The First Gay President?

Andrew Sullivan —  May 16 2012 @ 11:19am

Scott Shackford takes issue with my cover-essay's thesis:

[Andrew Sullivan] concludes that Obama "learned" to be black the same way that gays "learn" to be gay, thus explaining the attention-grabbing headline. But even the idea of "learning to be gay" is getting old-fashioned, and it’s a little odd for Sullivan to be invoking it given his blog's periodic chafing at the gay establishment. In his need to make Obama "one of us," he has nearly gone collectivist. The gay community, to the extent one exists, has fractured and diversified significantly since the days of Harvey Milk, and we’re all the better for it.

Yes, mercifully, learning "how to be gay" is increasingly old-fashioned, and many of us worked hard to expand the range of experiences and opinions and lifestyles than can be included within a gay community, including being connected to our straight families and friends, serving in the military or voting Republican. But Obama is almost exactly my own age, and in my own generation, and I felt and feel a resonance with his description of his own grappling with identity in his youth in the 1960s and 1970s. I cannot speak for all gay people; but I can speak to my own experience and suggest common themes. And if my own experience were completely an outlier, marriage equality would have remained a quixotic intellectual game for a few gay conservatives.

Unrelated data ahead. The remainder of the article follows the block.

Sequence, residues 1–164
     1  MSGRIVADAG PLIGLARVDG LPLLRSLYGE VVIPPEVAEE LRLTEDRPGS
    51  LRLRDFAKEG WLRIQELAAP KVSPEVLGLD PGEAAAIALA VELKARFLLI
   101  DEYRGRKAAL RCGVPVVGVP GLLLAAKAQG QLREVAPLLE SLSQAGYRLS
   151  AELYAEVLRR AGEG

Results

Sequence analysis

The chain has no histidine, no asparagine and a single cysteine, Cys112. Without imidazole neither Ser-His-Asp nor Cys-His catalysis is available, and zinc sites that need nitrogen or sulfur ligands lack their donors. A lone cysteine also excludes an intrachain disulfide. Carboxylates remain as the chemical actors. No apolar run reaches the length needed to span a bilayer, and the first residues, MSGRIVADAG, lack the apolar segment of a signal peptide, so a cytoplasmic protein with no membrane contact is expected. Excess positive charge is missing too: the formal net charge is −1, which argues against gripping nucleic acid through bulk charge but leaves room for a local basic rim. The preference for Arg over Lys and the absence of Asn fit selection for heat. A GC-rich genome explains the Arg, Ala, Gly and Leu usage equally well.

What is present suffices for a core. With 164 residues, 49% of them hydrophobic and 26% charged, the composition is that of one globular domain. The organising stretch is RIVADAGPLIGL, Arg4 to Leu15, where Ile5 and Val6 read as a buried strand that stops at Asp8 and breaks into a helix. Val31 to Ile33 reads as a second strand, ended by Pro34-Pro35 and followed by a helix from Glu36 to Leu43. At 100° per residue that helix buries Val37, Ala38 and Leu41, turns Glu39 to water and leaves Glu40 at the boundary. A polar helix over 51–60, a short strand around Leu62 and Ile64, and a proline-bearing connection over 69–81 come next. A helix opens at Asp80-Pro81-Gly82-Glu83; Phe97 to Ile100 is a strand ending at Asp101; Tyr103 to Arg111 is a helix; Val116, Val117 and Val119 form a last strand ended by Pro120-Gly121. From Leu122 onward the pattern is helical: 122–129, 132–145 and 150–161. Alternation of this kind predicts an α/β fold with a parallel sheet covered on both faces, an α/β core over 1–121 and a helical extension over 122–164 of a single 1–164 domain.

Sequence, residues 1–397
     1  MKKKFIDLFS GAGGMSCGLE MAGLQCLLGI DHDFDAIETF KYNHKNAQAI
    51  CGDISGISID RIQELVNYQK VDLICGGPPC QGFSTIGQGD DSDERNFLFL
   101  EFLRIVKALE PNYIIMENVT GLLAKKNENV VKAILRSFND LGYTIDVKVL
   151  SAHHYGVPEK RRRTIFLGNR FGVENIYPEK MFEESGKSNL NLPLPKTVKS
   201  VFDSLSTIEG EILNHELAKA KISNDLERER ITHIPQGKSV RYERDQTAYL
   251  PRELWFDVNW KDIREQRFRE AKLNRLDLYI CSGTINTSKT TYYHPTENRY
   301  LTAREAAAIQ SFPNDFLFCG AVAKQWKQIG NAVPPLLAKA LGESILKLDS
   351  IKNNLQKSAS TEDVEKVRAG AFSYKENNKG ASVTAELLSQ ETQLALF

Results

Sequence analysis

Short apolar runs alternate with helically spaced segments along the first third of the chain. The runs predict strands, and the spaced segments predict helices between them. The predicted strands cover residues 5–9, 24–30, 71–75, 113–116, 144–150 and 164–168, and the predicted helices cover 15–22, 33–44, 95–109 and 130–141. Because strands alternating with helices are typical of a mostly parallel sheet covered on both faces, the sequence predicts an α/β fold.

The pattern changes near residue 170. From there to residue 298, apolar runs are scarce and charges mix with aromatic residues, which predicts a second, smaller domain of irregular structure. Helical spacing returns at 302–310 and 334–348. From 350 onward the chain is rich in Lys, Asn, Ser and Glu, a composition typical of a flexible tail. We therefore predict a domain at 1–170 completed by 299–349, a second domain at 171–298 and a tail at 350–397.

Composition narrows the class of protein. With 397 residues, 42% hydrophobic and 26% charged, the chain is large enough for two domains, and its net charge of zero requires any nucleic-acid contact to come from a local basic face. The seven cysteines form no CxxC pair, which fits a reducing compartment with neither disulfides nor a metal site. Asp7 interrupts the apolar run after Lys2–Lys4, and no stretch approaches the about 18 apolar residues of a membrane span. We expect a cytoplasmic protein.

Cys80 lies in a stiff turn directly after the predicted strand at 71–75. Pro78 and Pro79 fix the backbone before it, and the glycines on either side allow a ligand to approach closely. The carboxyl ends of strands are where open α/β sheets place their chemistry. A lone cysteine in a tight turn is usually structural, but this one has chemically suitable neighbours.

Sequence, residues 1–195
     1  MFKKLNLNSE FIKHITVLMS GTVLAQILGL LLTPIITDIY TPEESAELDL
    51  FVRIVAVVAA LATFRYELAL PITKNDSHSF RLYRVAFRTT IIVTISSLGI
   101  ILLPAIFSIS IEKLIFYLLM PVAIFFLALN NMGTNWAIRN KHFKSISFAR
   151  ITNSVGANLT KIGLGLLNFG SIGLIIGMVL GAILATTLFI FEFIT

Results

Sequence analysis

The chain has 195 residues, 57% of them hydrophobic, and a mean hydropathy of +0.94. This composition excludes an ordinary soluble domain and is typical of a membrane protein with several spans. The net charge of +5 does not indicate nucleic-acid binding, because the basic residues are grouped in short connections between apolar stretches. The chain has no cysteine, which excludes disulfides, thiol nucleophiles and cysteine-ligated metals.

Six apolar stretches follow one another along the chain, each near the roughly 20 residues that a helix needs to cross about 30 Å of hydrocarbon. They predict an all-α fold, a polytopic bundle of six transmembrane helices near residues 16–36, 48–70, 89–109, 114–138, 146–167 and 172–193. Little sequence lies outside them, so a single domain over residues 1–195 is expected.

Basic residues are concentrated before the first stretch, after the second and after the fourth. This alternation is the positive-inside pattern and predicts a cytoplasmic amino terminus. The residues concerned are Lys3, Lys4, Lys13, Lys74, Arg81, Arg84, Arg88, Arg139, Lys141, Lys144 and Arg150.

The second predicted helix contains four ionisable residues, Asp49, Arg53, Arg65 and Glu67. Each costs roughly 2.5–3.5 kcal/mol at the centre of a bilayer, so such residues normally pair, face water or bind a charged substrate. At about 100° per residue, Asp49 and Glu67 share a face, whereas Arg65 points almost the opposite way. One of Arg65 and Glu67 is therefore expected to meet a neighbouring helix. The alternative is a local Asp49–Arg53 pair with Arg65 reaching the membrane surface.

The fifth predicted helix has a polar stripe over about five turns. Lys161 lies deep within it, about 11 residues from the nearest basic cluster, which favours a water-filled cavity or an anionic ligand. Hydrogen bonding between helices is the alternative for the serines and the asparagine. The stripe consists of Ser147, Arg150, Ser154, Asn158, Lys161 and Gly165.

But there is, of course, an aspect to this that is timeless, and that is the fact the vast majority of gay kids grow up in straight families.

And they understand marriage long before they understand sex. And that breach between their identity and their parental models of authority is deeply wounding. The possibility of civil marriage – of being equal with your own parents and siblings – targets this wound, and does more than anything else to salve it. This experience is not limited to conservative Catholic kids, although they should not be dismissed either. It has been close to universal. It is becoming less so, with incalculable social consequences, because of the change in consciousness marriage equality has brought.

God knows I am not a collectivist. I'm a loner who has been at odds with vast tracts of my own gay community for decades. But I cannot indulge the fiction that gay people don't need one another still, that our communities and subcultures don't nourish us. I hope that issues such as marriage and the military, which signal to closeted conservative gays that they too can have dignity and pride if they come out, make such monolithic communities and subcultures less necessary. That's happened already, and yes, we are all the better for it. But reducing us entirely to individuals or to collectives misses the dynamic between the two. We exist in both gay and straight culture, the way Obama exists in white and black culture. You can dismiss this tension – or you can try to understand it better.